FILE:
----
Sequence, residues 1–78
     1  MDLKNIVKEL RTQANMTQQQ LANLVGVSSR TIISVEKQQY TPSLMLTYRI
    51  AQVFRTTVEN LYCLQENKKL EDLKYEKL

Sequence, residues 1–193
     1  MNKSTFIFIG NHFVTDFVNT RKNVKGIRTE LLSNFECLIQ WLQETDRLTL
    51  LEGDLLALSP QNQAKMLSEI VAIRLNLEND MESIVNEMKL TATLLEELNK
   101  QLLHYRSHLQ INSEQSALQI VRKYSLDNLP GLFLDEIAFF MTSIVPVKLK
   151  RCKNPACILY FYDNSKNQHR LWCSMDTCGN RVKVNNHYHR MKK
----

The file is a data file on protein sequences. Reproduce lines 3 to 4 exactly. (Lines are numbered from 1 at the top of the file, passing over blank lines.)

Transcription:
    51  AQVFRTTVEN LYCLQENKKL EDLKYEKL

Sequence, residues 1–193